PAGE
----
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Peter Hall, who is vice-president at the global energy, infrastructure and professional services firm and also global director for sustainable and resilient infrastructure, explained the concept of a "resilience dividend," which Wood uses to bring a long-term sustainability focus to projects.

Drawing on real projects the company has undertaken, Hall described fundamental shifts in the way his team perceives and addresses key aspects of the challenges at hand. One of these is seeing a project not just as means to deliver an asset but also to deliver services to communities, to ensure job creation and economic development, to restore the surrounding ecology and to create long-term resilience of benefit to all stakeholders, including investors.

"The infrastructure we build has to be able to respond to shocks and stresses in a changing climate," said Hall. "Some of the big shocks we are seeing include of course pandemics, but also economic volatility, wildfires, sea level rise and other health impacts. Chronic stresses also need to be considered."

Developing infrastructure that takes these factors into account requires strong partnerships and stakeholder input right from the outset, and clear roadmaps, he said.

"We really just have one chance to get this right," emphasised Hall. "The projects we build will have to transform communities. This is achievable. But there is a cost to embedding resilience. Some estimates put this at 15-20% of capital costs. This translates into better locations, better materials, being able to leverage other adaptation technologies, and so on. But that cost has a payback, not only because the infrastructure doesn't fail but perhaps just as importantly, because it can provide outcomes over the lifespan of a project such as increased housing, better economic and healthcare outcomes, better emergency responses, social equity. There's a lot of things we can do a lot better."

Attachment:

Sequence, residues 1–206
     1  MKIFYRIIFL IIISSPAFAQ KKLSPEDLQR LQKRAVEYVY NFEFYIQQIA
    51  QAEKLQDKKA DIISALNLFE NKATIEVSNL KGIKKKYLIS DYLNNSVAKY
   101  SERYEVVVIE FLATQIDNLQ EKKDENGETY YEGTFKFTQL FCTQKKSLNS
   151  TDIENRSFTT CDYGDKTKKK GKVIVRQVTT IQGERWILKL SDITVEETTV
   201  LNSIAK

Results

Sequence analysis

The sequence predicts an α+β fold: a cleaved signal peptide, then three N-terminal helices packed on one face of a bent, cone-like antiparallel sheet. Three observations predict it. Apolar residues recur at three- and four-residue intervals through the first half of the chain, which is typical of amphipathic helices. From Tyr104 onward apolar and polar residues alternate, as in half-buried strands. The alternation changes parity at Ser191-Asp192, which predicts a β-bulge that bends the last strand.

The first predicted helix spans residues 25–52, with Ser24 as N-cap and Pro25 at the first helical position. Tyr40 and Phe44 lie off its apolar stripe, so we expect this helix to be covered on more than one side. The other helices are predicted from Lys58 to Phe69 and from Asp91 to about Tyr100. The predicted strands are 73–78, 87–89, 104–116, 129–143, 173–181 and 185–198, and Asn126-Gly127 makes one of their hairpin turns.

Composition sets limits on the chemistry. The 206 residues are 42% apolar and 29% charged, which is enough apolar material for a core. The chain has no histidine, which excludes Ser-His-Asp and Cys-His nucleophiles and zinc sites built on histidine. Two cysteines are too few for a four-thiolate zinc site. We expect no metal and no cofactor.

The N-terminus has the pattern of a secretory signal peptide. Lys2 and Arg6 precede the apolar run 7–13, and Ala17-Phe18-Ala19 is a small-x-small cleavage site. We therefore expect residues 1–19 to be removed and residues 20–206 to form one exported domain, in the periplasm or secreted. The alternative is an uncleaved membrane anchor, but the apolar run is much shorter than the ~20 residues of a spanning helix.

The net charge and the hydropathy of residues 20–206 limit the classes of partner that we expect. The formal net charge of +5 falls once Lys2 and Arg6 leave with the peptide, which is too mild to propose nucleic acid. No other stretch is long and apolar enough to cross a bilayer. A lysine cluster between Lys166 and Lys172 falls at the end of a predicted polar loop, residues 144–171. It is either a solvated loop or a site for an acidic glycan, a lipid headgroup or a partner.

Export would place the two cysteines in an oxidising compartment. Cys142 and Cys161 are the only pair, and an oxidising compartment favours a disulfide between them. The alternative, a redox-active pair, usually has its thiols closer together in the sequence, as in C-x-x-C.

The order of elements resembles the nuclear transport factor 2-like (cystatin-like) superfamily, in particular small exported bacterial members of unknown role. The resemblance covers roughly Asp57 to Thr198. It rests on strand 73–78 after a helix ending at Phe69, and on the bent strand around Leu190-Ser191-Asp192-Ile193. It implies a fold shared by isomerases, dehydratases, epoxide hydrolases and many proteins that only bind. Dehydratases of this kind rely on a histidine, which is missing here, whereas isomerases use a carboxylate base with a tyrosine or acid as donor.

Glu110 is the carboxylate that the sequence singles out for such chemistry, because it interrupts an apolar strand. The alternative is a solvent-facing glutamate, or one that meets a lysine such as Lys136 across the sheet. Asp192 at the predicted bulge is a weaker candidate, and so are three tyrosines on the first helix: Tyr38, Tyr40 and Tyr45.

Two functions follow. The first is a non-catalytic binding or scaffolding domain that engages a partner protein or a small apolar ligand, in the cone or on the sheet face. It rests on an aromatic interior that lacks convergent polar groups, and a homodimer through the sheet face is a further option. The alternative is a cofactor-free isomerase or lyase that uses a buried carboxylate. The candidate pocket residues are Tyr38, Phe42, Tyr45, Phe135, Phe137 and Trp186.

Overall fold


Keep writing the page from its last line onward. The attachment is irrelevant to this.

Key themes behind the successful delivery of this resilience dividend, he observed, include new financing mechanisms with an eye to ESG metrics, to "create bankable projects pre-feasibility," and integrating sustainability across entire project lifecycles.

To bring the various requirements together, Wood deploys clear roadmaps that lead consultants through the process of "understand, assess, deliver," making sure they ask the right questions at the right time, innovate, are flexible and adaptable, anticipate potential negative consequences, and build in targets and visions early in a project. The company has devised the ‘Wood ResilienceLens’ and a toolkit for resilient recovery to guide the process.

Describing what projects for a net-zero future look like, Hall gave real-world examples that include the real time management of emissions reporting and optimisation; the development of cloud based digital and simulation tools for public transit modelling; and the restoration of the natural flow of a river to improve aquatic and surrounding ecosystem health, prevent flooding and improve access to services and housing.

Wood recently released its financial report for 2020, which revealed the stresses and strains of the global pandemic on the business, as well as underlining its strategic focus on ESG leadership and leveraging its position to support sustainable infrastructure and the energy transition.